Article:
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View Full Version : yarn rec for new knitter? plus a question about teaching...


MadelineM
03-05-2008, 02:15 PM
I told my mom last night that she should learn how to knit (since I find it totally calms me down and she's kinda high-strung...3 kids, full-time job, etc :)), and she said I should teach her over spring break. I'm going to buy some nice yarn to bring her as a present for her first project (probably a simple scarf), but I'm wondering what would be a good choice. I learned on Misti Alpaca bulky, which was lovely, but I also learned in the dead of winter. Since it's getting to be spring, I'm not sure what to start her on...I found it much easier to start with something thicker and bigger needles, but I'm looking for suggestions. (Another consideration is that I want to get enough for her to finish a scarf, but avoid spending too much money in case she doesn't like it and doesn't finish, so I'm looking for something cheapish...hopefully <$10/skein or so, if I'm planning to buy 2?)

Also, I'm right-handed, so I knit English and could never really get the hand of continental, but she's a lefty...does that mean she'll have trouble knitting English? Should I learn continental enough to show her, and expect that it'll be more natural for her since it's her dominant hand? Or is it like driving, and everyone can do it with their right hand?

suzeeq
03-05-2008, 03:02 PM
Many lefthanded people are taught by right handed ones, you use both hands. The sts are the same, it's just a preference as to how to hold the yarn. Show her your way, and later she may want to try continental.

Alpaca is pretty heavy for spring, but you can wear a scarf in the spring with a sweater and adds a little warmth on a cool day. So go with a scarf, but maybe in something lighter like Caron SS, there's 200-300 yds in one skein which makes a really decent size scarf.

khaosx5
03-05-2008, 05:18 PM
If she is left-handed and you are right, sit on the floor in front of her then you are working in a mirror image. Either that or teach her right-handed - most of the patterns are writtne for righties and they would be easier to read.
:knitting:

Ingrid
03-05-2008, 10:36 PM
I taught several people to knit at a workshop today, and a few of them were lefties. They were doing just fine knitting English. I knit that way, and though I tried to show one of them Continental, I don't do it well enough to teach it.

I agree that since most patterns are written for knitting the 'regular' way, and that most knitters adapt and make their own style, teach her the way you feel most comfortable.

Sanibelle
03-06-2008, 10:09 AM
One of my best friends is a lefty and she knits English.....

Plantgoddess+
03-06-2008, 11:45 AM
I'm a self taught lefty and I knit English. I crochet left-handed though.

G J
03-06-2008, 12:39 PM
A scarf can be a looong daunting project for a newbie. How about a hat? Or do a hat in a Brown Sheep Cotton Fleece or something lighter and use a drop-stitch pattern. Makes it go faster!

suzeeq
03-06-2008, 01:35 PM
Or maybe some dishcloths?

G J
03-06-2008, 02:19 PM
Dishcloths are a GREAT idea. That's what I learned on!

MadelineM
03-06-2008, 03:40 PM
That is a good idea, especially for a mom :). Cotton, you think? What do you make dishcloths out of?

G J
03-06-2008, 06:18 PM
I use cotton. You can get the peaches n cream or sugar n cream just about anywhere. It's not the TOP quality, but it does the trick!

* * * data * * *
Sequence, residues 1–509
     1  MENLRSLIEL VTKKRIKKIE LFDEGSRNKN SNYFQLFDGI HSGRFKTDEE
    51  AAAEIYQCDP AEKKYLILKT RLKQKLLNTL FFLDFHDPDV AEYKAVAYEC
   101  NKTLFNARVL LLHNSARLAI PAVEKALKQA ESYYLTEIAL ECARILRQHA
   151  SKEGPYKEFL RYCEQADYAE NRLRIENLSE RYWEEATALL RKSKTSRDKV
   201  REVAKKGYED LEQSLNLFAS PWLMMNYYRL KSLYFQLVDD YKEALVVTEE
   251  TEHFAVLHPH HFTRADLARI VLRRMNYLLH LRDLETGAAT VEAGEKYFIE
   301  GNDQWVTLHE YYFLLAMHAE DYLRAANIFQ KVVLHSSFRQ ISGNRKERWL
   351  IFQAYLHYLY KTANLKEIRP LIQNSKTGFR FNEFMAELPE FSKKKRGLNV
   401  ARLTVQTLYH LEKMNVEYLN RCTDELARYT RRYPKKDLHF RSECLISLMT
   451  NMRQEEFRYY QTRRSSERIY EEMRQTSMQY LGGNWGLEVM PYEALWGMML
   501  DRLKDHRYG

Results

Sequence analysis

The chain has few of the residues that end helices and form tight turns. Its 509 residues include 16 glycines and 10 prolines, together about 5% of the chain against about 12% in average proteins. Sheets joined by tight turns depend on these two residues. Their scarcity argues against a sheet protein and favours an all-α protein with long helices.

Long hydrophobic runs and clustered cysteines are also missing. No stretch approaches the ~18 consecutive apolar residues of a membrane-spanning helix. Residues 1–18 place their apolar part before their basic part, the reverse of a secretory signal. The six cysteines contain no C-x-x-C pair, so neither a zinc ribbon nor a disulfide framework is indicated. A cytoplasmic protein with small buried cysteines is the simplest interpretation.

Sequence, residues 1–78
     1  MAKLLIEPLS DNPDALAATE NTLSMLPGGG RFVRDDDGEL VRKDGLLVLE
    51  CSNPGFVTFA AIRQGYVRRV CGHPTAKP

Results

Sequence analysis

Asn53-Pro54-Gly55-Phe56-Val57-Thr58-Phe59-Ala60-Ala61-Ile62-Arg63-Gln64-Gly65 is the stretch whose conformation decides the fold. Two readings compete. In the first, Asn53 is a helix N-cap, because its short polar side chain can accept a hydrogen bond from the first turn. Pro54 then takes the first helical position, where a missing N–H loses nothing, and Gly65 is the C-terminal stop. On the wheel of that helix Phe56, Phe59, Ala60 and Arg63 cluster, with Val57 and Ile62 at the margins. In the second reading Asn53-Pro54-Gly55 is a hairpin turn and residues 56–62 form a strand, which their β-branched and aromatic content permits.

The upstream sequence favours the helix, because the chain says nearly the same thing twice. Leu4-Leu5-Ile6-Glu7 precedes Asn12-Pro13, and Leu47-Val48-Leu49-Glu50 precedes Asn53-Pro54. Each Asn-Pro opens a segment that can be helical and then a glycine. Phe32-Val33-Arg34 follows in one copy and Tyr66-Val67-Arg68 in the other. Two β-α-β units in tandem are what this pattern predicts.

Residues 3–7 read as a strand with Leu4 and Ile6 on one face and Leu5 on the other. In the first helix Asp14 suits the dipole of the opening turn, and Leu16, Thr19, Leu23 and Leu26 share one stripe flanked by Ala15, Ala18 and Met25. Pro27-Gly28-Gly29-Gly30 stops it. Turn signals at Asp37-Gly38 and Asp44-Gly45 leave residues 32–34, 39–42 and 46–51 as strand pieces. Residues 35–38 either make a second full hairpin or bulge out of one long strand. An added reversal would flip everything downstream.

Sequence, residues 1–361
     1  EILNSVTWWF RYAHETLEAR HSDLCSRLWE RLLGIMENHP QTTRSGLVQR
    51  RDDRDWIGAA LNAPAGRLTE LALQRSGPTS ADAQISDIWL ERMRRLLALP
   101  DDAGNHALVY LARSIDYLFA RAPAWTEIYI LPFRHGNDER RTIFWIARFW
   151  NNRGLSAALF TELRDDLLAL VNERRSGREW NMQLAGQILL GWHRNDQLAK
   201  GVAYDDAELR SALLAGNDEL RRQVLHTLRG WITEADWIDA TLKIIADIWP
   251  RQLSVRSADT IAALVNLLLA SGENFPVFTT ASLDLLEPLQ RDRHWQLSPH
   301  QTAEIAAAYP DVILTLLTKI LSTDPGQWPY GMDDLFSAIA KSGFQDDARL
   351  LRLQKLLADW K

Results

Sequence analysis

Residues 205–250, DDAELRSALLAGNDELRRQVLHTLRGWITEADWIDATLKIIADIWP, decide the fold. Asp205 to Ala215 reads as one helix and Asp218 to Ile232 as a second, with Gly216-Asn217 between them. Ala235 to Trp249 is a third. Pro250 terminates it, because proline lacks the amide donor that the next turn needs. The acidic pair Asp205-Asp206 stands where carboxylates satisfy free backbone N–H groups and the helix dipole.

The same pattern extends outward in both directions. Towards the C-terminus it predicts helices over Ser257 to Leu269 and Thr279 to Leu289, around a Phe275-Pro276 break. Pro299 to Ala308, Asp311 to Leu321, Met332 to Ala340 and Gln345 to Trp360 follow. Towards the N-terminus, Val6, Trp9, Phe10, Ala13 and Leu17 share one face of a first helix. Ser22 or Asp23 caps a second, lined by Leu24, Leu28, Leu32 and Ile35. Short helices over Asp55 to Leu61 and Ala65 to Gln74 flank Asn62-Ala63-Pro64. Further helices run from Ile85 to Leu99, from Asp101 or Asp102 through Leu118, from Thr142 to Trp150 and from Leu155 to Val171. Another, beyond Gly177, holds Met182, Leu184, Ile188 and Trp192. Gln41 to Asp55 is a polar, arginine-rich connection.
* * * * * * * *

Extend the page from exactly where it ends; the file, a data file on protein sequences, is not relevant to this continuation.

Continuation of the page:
suzeeq
03-06-2008, 10:29 PM
And for patterns, cruise through this site Dishcloth Patterns (http://www.jimsyldesign.com/dishbout/kpatterns/javaindex.html)

MadelineM
03-12-2008, 02:21 PM
So, I have a question about knitted dishtowels -- I've never made one before (college student, no kitchen :)), but I was poking around the pattern website, and none of the pictures look like dishtowels as I know them. When I say dishtowel, I'm referring to an actual towel that I'd use to dry dishes, wipe counters, etc, and then throw in the washing machine. Is that what these dishtowels are for? Or are they for something else entirely? I feel very silly to ask this question. :-p

Alyce
03-12-2008, 02:39 PM
I love the "sugar n cream" cotton by Lily for dishcloths. I think they are great for learning on. I think making dishclothes as a way of learning new stitch patterns would be a good idea also, although I haven't really done that much.

G J
03-12-2008, 09:20 PM
I've never heard of knitted dish towels. Only dish CLOTHS, as in WASHING dishes.

Pink Dandelion
03-12-2008, 10:22 PM
I'm left handed and knit left-handed continental (a mirror image of right handed continental). My mom knits left-handed english.

A Right or Left direction when mentioned is opposite and there a few other little adaptations you get into as you take on more complicated projects.

At least 90% of what is out there to knit is either symmetrical, or doesn't matter that it turns out mirror image to the pattern. The other 10% can be adapted, and that 10% is almost always more advanced stuff. By time you need to worry about it, it's not usually a big deal.

The quality and speed of my knitting when knitting left handed is enough better than that of my knitting right-handed, that it's worth it.

My advice would be - if she's more comfortable left handed then let her learn left handed. You can just teach her a mirror image of what you do. That's how I teach right handers.

As far as the yarn goes, I always suggest wool. Something like Cascade 220, or if you want something soft and a little nicer, Malabrigo. Wool has more give to it than cotton or acrylic, so it's easier on your hands and easier to get your needle into.

But to be honest, I learned on cotton, and dishcloths are a good 'instant gratification' project that beginners like. So that may be a good way to go.